The year 1992, with its hurricanes, riots, earthquakes and flooding, has offered up all the subplots of an Irwin Allen disaster movie. It hasn't, however, been a financial disaster for property and casualty insurers. They're more than up to the task, with $160 billion in capital to cover a list of catastrophic losses expected to exceed $14 billion.
In fact, some stocks of insurers with large property and casualty businesses have become stronger performers in the wake of Hurricane Andrew. That's based on a belief the hurricane's expensive aftermath will trigger a boost in insurance rates and a long-awaited increase in industry profits. Among such stock gainers have been Marsh & McLennan, General Re Corp. and Chubb Corp.
Yet this confidence about price boosts isn't strong enough to extend to all carriers. Another tier of these stocks, among them Aetna Life & Casualty, CIGNA Corp. and Travelers Corp., hasn't participated in this post-hurricane stock price rise much at all. Compare that with the aftermath of Hurricane Hugo, when virtually all property/casualty stocks outperformed the overall stock market as much as 10 percent in anticipation of increases in premiums.
These days, analysts aren't entirely sure whether all insurers are willing to forgo their ongoing battles for market share in order to revive industrywide profitability. Mother Nature moves quickly, but trends in the property/casualty business evolve slowly.
"Winds are buffeting the property/casualty industry from two directions," explains Fred Sandburg, analyst with Kemper Securities. "On one side are losses affecting individual insurers, while on the other side is the potential that the magnitude of
losses means a greater emphasis on rational pricing."
Although no major insurers are expected to be hurt badly by this year's hurricanes, such events usually put some smaller regional carriers out of business.
"Hurricane Andrew is the match we have been waiting for that will ignite the property/casualty business, which has been in a down cycle for five years," says Steven Gavios, analyst with Kidder Peabody. "It has been due for a turn for a long, long time."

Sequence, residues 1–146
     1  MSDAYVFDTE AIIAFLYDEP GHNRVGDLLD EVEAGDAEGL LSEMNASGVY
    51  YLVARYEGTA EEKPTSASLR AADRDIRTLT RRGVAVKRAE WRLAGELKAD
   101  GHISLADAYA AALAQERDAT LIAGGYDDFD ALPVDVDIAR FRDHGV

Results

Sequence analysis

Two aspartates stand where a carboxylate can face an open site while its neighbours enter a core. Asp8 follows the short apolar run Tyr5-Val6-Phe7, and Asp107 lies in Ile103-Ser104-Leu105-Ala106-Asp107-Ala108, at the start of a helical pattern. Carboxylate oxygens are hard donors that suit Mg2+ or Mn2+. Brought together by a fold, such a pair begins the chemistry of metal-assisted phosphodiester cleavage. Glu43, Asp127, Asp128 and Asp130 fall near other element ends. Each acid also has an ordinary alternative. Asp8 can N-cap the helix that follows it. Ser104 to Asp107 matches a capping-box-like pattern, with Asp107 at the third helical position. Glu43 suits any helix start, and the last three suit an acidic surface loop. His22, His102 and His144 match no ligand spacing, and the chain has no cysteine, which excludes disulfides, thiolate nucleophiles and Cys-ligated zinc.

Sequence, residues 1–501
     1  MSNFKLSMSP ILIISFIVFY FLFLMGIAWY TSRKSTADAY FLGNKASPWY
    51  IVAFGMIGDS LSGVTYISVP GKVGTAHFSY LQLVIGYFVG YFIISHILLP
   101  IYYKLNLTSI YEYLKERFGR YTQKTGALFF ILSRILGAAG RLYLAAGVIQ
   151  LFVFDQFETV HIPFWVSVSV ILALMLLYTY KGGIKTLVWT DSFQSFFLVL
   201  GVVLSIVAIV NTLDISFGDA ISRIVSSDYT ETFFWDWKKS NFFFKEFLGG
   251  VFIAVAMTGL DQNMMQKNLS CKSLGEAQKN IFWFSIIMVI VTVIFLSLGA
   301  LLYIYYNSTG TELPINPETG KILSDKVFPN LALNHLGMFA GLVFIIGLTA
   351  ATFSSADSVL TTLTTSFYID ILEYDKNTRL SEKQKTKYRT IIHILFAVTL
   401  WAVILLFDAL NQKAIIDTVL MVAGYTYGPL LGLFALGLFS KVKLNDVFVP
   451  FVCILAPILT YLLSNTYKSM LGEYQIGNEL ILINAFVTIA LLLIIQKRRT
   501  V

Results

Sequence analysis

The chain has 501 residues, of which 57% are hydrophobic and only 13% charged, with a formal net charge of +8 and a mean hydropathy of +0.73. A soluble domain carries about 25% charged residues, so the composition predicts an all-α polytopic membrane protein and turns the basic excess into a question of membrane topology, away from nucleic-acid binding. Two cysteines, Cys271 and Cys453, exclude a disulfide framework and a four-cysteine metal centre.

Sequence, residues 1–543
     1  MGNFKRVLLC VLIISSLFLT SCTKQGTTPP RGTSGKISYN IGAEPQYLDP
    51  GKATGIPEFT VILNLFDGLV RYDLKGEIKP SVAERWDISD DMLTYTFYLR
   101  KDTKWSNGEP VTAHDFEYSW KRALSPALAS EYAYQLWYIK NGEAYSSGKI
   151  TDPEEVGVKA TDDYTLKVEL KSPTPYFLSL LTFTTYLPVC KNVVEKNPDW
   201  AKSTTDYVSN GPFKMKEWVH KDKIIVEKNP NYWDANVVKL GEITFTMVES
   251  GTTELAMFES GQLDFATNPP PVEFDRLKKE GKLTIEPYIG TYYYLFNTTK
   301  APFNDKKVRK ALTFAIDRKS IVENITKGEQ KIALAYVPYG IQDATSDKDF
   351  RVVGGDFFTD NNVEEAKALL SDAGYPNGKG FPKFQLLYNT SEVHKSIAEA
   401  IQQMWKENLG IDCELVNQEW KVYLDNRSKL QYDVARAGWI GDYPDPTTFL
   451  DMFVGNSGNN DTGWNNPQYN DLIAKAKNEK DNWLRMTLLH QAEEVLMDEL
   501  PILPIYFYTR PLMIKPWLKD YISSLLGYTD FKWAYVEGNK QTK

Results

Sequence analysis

Cycles are common, with long periods of pricing "atrophy" followed by brief pricing increases, usually lasting about two years, says Weston Hicks, analyst with Sanford C. Bernstein.
"Short term, the property/casualty companies can pay for losses, but long term there will be pricing increases," predicts Marc Rosenberg, vice president for federal affairs in Washington with the Insurance Information Institute. "By law, insurance companies aren't allowed to charge extra in 1993 because they lost money in 1992, but they are allowed to charge extra in anticipation of such events."
In terms of actual premiums charged to homeowners, they typically rise only in the states directly affected by a catastrophe, Mr. Rosenberg adds.
For investors willing to take a gamble on whether stocks of insurers with large property/casualty businesses are ready for a resurgence, there are many choices. The stocks of American International Group, General Re Corp. and Chubb Corp. are recommended by both Mr. Sandburg and Mr. Gavios.
"These companies are consistently good underwriters, and they have investment portfolios that allow me to sleep at night," notes Mr. Sandburg.
St. Paul Cos. stock is also recommended by Mr. Sandburg, while Mr. Gavios likes Marsh & McLennan and NAC Re Corp. Mr. Gavios would wait for more evidence of an upturn in the insurance cycle before upgrading Continental Corp. and St. Paul Cos. from hold to purchase.
"Marsh & McLennan is the largest insurance broker in the world and it will be among the first to benefit because its commissions will rise with better pricing," says Mr. Gavios. "But remember that pricing never turns overnight, and I wouldn't expect a material change in industry pricing to be noted until the beginning of 1993 in the January renewal season."
Meanwhile, the stocks of Aetna Life & Casualty, CIGNA Corp. and Lincoln National Corp. are recommended by Mr. Hicks.
"The property/casualty companies generally have around 40 percent of their capital in the property/casualty business, and their earnings will benefit significantly when pricing increases occur," concludes Mr. Hicks. "However, it won't be an immediate event."